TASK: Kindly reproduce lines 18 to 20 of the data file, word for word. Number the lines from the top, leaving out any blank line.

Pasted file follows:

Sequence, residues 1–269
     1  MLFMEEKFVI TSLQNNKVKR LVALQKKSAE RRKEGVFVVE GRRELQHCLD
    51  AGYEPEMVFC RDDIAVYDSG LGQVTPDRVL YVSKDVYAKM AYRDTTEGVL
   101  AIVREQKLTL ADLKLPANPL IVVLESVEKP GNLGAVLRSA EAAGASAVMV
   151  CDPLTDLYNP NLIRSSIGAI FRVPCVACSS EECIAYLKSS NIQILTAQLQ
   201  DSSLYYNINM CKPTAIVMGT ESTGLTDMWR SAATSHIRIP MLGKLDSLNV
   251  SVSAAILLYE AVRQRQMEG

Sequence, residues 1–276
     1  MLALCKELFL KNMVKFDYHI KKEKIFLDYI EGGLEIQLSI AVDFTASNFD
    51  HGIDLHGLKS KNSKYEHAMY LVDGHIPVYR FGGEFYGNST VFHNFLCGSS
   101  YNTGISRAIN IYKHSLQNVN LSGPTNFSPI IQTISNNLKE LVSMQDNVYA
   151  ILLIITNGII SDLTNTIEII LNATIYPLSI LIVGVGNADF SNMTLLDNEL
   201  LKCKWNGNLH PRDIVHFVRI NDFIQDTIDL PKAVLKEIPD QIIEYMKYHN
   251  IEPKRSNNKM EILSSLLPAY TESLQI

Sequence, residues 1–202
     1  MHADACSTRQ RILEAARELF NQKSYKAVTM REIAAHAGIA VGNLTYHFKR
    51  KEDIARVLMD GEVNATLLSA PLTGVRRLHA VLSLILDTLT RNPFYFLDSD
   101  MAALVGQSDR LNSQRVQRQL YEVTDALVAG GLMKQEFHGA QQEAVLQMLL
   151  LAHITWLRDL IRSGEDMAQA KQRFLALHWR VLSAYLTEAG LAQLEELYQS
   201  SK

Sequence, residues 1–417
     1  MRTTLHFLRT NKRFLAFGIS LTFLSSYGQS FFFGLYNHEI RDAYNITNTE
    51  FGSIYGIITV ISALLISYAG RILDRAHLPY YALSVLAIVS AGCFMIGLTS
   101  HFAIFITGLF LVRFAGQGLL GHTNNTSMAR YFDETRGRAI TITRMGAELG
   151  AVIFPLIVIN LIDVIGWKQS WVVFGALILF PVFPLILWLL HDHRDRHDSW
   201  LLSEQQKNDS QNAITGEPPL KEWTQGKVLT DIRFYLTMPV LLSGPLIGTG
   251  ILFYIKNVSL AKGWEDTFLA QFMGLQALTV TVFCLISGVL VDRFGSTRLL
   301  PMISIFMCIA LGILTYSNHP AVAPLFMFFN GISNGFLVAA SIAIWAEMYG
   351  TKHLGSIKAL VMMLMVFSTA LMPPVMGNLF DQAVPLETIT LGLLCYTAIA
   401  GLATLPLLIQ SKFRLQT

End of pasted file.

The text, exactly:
   101  MAALVGQSDR LNSQRVQRQL YEVTDALVAG GLMKQEFHGA QQEAVLQMLL
   151  LAHITWLRDL IRSGEDMAQA KQRFLALHWR VLSAYLTEAG LAQLEELYQS
   201  SK